Reduce Bloat With This Simple 10-Minute Total-Body Stretch Routine

The side stretch is a great move to spur digestion.
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We all dread feeling bloated or gassy, especially if we're far away from our favorite sweatpants. But after a particularly fibrous lunch (darn you, cauliflower rice!), a little bloating is expected and totally normal.

Drinking some extra water is the best place to start, but a little movement can help encourage healthy digestion, too. All you need is 10 minutes to help relive bloating symptoms with this total-body stretch routine, courtesy of K. Aleisha Fetters, certified strength and conditioning specialist.

1. Knees-to-Chest Stretch

  1. Start lying flat on your back, neck long.
  2. Bend your knees and rest your calves against the back of your thighs.
  3. Hug your knees into your chest, keeping your lower back on the ground.
  4. With every exhale, bring your knees closer to your chest.
  5. Hold for 1 to 2 minutes.

Tip

Fun fact: This is also known as the wind-relieving pose, Fetters says. "The closer you can bring your legs to your chest, the more compression you'll get on the abdominal cavity to help get gas moving."

2. Cat-Cow

  1. Start kneeling on all fours with your hands directly in line with your shoulders, knees in line with the hips.
  2. On an inhale, arch your back, dropping your belly toward the ground and raise your chin, opening up your chest. Pause here for a moment.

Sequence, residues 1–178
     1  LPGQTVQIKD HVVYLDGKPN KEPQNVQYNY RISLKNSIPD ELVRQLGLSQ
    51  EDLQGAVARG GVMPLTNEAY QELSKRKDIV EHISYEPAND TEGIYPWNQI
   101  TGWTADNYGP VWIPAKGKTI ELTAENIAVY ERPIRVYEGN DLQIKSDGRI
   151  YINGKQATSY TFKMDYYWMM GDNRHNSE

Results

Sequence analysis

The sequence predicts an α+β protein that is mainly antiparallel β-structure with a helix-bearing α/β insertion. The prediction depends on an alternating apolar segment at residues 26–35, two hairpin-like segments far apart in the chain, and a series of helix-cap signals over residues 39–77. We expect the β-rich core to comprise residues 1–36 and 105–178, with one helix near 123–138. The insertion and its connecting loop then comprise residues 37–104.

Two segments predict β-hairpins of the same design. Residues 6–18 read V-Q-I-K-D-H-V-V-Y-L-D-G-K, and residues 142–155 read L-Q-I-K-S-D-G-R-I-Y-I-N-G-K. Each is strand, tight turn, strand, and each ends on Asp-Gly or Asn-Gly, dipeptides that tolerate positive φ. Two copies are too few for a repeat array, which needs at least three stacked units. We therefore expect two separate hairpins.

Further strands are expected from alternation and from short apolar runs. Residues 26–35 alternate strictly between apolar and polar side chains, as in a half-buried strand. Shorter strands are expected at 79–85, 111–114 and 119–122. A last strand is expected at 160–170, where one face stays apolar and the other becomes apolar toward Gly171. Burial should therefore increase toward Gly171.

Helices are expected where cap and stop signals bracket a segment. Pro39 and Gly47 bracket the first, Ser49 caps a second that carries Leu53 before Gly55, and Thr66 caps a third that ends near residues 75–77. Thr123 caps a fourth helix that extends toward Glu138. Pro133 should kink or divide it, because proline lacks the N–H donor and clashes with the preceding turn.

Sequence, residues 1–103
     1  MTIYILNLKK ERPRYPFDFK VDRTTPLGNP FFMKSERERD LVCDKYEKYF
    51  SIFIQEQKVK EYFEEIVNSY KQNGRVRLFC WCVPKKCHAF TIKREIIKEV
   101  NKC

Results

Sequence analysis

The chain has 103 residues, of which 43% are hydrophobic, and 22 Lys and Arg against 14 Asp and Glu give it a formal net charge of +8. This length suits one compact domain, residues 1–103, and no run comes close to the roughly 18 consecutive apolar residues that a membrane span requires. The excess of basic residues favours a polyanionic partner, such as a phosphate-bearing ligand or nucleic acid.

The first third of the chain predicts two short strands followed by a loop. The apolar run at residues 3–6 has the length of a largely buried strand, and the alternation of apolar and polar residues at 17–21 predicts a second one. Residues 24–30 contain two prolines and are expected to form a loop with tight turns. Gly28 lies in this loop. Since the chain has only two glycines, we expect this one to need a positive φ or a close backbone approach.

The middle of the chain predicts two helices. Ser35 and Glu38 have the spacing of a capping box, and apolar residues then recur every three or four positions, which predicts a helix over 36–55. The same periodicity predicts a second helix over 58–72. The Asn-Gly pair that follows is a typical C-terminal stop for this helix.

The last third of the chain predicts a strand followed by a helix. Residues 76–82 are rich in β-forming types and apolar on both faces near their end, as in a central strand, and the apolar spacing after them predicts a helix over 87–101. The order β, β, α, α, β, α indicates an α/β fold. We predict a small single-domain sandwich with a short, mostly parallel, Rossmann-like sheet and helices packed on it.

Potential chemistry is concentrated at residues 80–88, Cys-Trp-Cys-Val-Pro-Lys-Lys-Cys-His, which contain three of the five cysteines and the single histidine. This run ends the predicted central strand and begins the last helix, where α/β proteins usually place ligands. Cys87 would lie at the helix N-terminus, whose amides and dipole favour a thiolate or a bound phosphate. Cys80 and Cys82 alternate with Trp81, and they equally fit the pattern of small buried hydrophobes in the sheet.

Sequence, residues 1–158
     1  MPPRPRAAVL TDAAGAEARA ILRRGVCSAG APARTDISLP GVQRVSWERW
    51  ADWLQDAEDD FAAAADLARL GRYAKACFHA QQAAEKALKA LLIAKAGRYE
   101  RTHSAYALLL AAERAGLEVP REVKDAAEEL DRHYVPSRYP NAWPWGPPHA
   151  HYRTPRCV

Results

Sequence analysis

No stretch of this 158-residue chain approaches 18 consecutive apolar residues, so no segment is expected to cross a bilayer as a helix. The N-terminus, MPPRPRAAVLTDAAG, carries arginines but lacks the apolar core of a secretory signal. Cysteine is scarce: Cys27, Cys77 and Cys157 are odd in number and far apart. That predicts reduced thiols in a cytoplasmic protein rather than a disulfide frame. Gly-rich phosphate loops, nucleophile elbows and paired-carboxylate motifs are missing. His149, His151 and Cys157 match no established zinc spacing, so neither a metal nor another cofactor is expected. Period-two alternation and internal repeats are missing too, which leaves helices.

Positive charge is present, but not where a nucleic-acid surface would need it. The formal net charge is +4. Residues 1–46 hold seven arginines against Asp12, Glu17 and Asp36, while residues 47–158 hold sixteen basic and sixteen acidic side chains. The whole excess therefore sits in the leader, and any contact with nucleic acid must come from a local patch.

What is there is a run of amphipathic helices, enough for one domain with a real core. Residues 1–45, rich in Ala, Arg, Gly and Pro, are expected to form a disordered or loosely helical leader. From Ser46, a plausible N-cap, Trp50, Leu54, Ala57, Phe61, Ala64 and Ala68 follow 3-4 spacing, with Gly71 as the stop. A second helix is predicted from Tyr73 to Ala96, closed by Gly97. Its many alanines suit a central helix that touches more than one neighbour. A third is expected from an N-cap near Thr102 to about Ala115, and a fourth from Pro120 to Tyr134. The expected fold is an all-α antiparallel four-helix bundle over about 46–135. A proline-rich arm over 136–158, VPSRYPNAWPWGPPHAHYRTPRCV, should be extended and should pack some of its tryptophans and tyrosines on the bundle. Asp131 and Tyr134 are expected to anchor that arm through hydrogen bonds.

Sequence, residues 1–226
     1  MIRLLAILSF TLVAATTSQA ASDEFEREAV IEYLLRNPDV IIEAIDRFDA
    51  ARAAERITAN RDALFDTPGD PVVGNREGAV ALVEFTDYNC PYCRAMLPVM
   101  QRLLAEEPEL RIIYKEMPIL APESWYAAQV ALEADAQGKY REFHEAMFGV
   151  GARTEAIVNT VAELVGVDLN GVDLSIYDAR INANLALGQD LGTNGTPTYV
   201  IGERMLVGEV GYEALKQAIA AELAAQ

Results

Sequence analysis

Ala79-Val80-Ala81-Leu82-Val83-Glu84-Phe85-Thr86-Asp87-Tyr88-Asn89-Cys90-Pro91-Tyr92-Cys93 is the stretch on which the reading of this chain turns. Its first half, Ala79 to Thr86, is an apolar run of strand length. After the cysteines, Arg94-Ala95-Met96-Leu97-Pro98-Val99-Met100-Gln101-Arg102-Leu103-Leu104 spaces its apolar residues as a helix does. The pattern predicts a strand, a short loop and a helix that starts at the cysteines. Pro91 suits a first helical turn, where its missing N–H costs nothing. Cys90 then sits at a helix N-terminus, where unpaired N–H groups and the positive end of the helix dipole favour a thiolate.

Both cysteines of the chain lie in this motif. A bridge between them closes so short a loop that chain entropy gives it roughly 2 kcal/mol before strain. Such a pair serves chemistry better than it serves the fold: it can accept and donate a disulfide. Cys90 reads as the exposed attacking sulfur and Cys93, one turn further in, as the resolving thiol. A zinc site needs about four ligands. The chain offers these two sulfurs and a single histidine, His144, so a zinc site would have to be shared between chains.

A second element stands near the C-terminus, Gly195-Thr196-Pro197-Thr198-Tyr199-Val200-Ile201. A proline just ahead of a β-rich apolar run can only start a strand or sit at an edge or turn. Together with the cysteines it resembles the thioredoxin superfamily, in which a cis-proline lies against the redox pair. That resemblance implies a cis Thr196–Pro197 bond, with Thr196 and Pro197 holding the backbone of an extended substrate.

3. Exhale and drop your chin toward your chest, rounding the back and drawing the navel into the spine. Pause here.
  4. Repeat this motion for 1 to 2 minutes.

3. T-Spine Rotation

  1. Begin lying on your right side with your hips, knees, ankles and arms stacked.
  2. Bring your knees to a 90-degree angle in line with your hips.
  3. On an exhale, open your left arm out to your left side, forming a T with your arms.
  4. Bring your gaze across your left shoulder.
  5. Hold here for 1 to 2 minutes, twisting at the abdomen gently.
  6. Repeat on the opposite side.

Tip

"It's important to remember that the stomach and back aren't that far apart and issues in one can also translate to pain in the other," Fetters says. "Here, releasing tension in the lats may reduce some pain in the GI tract, while also relieving excessive pressure on the gut created by gas."

4. Lying Spinal Twist

  1. Start lying flat on your back, arms at your sides and legs extended straight.
  2. Keeping your right leg on the ground, hug your left knee into the chest.
  3. Bring your knee across your body and over to the right side of your body, bending at 90 degrees.
  4. Place your knee on the ground in line with your hip.
  5. Reach your left arm straight out to the side and gaze over to your left side.
  6. Pause here for 1 to 2 minutes.
  7. Return to the starting position and repeat on the opposite side.

5. Seated Side Bend

  1. Sit cross-legged on the ground with your sits bones firmly planted on the floor.
  2. Bring your shoulders down and back, away from your ears.
  3. Place your right palm on the ground, right outside your right hip.
  4. Raise your left arm straight toward the ceiling.
  5. Leading with your left fingers, bend toward your right until you feel a stretch along your left side.
  6. Pause here for 1 to 2 minutes and repeat on the other side.

Tip

"This stretch focuses on the sides of the abdomen, which, despite often getting tight, we rarely address," Fetters says. The side bend will help relax your abdomen, which can help alleviate stomach issues.

6. Open Triangle Pose

  1. Stand with your feet 3 to 4 feet apart, hips squared forward.
  2. Point your right foot to the right, perpendicular to your left foot.
  3. Reach your right arm down to your right shin or toes.
  4. Simultaneously, reach your left arm up toward the ceiling, gazing up at your hand.
  5. Pause here for 1 to 2 minutes and repeat on the opposite side.